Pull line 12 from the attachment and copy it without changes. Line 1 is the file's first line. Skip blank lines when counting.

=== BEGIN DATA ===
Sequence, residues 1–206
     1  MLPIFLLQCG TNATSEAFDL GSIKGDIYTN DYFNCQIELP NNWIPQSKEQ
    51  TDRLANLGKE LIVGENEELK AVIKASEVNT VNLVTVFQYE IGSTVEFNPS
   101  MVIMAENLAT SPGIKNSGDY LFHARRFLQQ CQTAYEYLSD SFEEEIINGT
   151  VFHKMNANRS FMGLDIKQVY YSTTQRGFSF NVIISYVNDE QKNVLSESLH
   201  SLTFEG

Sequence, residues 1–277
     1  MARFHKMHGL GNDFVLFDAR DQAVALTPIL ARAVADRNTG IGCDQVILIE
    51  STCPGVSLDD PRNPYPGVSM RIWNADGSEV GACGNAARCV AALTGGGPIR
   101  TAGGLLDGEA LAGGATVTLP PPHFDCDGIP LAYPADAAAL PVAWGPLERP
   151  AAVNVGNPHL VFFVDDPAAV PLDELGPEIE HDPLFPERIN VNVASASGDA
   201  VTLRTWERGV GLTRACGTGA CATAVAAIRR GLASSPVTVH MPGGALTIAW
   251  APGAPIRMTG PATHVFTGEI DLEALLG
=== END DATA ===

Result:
   201  VTLRTWERGV GLTRACGTGA CATAVAAIRR GLASSPVTVH MPGGALTIAW